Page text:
By TP Saran
Some fuss has been raised about a statement made by the Minister of Health, Mrs Maya Hanoomanjee. It is reported that, apparently, she declared on the radio that there was no case of AH1N1 influenza at all. Either there has been misreporting, or it may have been a slip of the tongue – a pardonable human error – on her part.
We learn from reliable sources that she has been properly briefed (perhaps even informed the Cabinet) on the situation regarding cases of respiratory infection and the AH1N1, namely that with the advent of winter comes the influenzal season too. This means that the number of cases of the common cold – or influenza – a condition caused by a group called the influenza viruses is bound to increase: as it has indeed done in the dispensaries and hospitals. Amongst these cases there have naturally been some of AH1N1 influenza — as was to be expected. We are informed that doctors were not specifically looking or testing for that virus because, for all practical purposes, it is now circulating freely in the community all over the world, just like all the influenza viruses.
The practical significance of this information is that anyone can potentially be infected by any of the influenza viruses, including AH1N1. So what’s the big deal? The people who have been raking up muck don’t even bother to read what the very media they are part of has to say. If they had cared to read Le Mauricien of Saturday last, they would have had the answers to all the stupid and almost infantile questions they have been pestering the Minister about.
That article, citing high-level sources in the MOH, makes it clear that we have passed over the peak of what they call upper respiratory infections, that the situation was under control in the sense that the health services were able to cope with the numbers, that the majority of cases were mild and that only a small percentage of the total was actually of AH1N1 origin. And the same article highlighted that tests for AH1N1 were being done only for purposes of ‘epidemiological surveillance’ (whatever that means, trust doctors for these complicated words!) because the country had to report to WHO, and in specific cases where treating doctors made the request for reasons they judged necessary.
I listened to the answers given by Mrs Hanoomanjee to reporters and that were broadcast on Wednesday afternoon. She confirmed exactly the contents of the article cited above. She pointed out that only about 2% of the total number of upper respiratory infection cases were likely to be AH1N1, and invited those asking the questions to read the communiqué that MOH had released and that contained valuable advice about precautions to take, and that people should follow the advice.
I am sure that they would have read it and understood perfectly well everything – but they were not after the truth of the situation: they were after sensation, and to her credit, they did not get it from her. What she spoke was factual, and correct. I do not hold any brief for any minister, but I must concede in this particular instance that Mrs Hanoomanjee was straightforward, concise, and precise in her replies which left no doubt about the fact that everything was being managed well and there was no need for any alarm.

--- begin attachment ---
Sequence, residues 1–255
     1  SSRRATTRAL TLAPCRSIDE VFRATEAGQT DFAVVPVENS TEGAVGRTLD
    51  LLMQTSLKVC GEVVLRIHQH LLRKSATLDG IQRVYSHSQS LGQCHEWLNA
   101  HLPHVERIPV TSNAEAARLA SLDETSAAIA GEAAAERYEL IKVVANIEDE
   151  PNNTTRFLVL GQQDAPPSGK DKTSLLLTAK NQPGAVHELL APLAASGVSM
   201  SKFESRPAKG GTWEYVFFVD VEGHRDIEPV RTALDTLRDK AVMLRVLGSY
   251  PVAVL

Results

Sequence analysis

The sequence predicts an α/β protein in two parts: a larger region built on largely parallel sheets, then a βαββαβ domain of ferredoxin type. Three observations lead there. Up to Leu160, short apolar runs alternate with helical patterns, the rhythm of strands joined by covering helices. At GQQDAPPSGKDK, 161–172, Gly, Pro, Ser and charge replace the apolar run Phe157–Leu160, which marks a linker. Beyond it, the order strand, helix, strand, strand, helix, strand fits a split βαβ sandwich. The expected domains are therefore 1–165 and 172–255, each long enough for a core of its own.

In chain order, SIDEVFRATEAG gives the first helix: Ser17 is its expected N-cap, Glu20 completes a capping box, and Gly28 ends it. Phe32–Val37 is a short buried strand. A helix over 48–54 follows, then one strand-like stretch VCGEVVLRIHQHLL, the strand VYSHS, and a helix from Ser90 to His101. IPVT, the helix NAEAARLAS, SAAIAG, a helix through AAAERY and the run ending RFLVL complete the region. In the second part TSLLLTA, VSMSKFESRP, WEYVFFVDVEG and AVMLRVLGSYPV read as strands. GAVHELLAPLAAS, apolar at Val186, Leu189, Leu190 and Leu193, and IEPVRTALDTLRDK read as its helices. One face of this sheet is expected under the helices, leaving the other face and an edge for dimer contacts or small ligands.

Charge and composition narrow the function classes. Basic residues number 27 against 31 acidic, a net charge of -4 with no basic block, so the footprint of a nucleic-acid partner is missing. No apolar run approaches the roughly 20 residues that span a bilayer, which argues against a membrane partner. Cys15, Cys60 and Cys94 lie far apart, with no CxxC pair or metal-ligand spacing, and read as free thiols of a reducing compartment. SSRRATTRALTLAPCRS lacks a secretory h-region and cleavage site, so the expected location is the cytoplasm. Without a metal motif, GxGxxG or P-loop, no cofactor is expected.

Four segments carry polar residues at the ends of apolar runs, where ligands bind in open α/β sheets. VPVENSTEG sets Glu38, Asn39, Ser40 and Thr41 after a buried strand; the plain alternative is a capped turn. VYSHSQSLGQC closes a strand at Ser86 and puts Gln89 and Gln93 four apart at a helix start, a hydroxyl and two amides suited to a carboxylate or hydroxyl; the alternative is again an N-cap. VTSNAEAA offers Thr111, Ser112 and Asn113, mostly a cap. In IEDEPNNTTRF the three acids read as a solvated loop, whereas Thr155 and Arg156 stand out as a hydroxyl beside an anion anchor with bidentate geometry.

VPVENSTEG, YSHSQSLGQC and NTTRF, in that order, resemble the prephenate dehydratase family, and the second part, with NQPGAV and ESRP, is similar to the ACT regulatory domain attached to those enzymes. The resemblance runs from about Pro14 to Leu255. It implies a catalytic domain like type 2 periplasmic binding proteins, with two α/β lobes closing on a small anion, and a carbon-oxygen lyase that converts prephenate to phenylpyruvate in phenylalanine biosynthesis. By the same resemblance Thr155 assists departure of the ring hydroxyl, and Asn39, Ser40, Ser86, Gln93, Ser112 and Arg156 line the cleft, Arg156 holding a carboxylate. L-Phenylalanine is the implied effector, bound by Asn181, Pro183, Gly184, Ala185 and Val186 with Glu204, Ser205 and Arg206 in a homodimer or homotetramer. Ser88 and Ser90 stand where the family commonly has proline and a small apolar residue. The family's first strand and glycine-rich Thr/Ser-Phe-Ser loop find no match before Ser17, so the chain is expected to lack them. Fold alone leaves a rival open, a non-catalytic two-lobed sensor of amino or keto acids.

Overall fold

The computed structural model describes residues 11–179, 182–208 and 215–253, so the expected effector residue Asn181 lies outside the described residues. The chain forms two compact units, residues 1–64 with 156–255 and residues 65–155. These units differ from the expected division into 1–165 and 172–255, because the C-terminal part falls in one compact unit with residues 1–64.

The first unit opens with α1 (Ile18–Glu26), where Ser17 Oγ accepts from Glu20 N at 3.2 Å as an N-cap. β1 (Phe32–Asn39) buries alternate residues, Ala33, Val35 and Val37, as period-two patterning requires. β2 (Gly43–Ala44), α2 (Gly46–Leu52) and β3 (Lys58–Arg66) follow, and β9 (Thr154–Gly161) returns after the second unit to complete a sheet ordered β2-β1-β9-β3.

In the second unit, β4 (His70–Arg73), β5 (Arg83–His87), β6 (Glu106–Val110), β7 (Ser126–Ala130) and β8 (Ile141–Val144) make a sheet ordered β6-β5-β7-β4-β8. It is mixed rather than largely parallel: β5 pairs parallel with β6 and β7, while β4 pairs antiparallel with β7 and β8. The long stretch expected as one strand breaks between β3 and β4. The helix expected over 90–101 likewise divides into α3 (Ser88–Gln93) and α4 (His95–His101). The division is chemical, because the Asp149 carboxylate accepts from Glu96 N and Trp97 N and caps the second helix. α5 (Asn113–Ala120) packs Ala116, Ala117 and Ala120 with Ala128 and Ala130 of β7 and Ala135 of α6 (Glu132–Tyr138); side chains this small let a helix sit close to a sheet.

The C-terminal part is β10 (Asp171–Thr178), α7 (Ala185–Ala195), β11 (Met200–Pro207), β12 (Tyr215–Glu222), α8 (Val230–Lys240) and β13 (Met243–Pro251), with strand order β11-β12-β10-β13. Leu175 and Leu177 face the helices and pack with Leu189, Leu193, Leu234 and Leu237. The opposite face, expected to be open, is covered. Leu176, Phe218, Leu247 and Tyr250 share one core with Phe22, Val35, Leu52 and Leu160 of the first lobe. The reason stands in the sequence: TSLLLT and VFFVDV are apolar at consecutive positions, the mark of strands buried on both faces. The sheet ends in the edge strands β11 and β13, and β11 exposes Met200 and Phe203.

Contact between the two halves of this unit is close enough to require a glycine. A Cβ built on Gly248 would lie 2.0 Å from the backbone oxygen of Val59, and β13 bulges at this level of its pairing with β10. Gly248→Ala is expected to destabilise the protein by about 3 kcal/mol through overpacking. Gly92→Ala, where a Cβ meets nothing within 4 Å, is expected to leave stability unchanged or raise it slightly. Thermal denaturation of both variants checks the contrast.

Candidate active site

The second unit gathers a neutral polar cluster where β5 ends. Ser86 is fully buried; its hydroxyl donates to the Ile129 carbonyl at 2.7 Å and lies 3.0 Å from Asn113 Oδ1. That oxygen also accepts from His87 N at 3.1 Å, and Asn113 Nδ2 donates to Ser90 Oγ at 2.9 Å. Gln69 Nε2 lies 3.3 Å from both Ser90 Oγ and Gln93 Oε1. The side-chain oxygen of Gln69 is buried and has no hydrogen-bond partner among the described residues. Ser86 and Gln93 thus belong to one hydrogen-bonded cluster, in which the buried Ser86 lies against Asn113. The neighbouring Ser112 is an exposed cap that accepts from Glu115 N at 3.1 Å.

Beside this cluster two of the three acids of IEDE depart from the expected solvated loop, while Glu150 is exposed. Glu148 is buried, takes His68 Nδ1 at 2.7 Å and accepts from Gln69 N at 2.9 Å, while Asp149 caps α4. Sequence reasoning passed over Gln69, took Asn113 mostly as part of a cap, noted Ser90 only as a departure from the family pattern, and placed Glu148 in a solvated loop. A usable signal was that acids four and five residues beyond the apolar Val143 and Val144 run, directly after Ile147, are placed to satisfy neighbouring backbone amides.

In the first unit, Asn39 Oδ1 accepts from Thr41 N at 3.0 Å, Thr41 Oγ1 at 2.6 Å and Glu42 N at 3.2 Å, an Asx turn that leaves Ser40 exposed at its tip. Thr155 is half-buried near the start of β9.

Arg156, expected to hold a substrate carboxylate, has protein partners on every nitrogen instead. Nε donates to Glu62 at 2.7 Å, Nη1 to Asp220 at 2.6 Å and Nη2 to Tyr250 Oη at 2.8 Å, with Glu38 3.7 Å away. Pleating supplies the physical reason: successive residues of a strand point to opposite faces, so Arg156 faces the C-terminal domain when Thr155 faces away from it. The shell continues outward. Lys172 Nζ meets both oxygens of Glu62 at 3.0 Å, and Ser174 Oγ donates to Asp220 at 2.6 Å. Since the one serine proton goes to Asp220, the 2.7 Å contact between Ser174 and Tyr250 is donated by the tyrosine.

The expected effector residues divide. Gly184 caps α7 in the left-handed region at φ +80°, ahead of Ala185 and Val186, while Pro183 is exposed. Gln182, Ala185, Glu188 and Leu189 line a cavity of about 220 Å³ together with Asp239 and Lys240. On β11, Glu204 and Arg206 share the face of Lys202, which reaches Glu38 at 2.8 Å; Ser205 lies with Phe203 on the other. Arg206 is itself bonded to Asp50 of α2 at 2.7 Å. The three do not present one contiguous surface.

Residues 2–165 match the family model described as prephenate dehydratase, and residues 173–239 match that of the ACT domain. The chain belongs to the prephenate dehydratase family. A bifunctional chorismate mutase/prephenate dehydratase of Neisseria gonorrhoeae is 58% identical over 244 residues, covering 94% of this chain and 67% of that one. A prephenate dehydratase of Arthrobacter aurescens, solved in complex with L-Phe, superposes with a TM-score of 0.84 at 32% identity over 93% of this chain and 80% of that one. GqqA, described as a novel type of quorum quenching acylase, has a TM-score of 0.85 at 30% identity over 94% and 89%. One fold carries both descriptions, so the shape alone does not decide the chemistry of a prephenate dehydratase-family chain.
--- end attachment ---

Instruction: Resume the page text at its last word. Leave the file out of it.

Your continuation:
The irony of it is that they cornered her not to ask about the UNFPA workshop she had inaugurated – which seemed to be of no consequence or relevance to them – but about something, which worldwide no longer is making news.
There is so much information available on the internet now – any sixth grader with a minimum of computer literacy can go to the WHO website and so many other sources to be reliably informed about the situation concerning AH1N1. If the reporters had bothered to do so instead of pouncing on the Minister, they would have got the true picture about AH1N1. Knowing reporters, I am sure that they scout and browse the internet – but they likely have other ideas in mind when they decide to focus on what is no longer an event. As a doctor we met remarked, shrugging his shoulders, ‘AH1N1 infection? So what! You are bound to have some cases, just like influenza cases. So what do I do? Clap my hands, shout from the rooftop? Come on man, let’s talk about something else!’ Like Germany versus Spain for example…
So let’s come down to earth, and thank our stars that there has been no panic at all, despite the unrelenting efforts of some jaundiced minds to create a situation of mass hysteria. It will be remembered that this happened last year, when the official frenzy of wild activity involving inappropriate exposure to the media for weeks together heightened tension among the population and caused an overflow at hospitals. And vulture-like, reporters zoomed in to blow up the situation.
Thank goodness for the measured and balanced approach of the new dispensation that we are currently witnessing.
* Published in print edition on 9 July 2010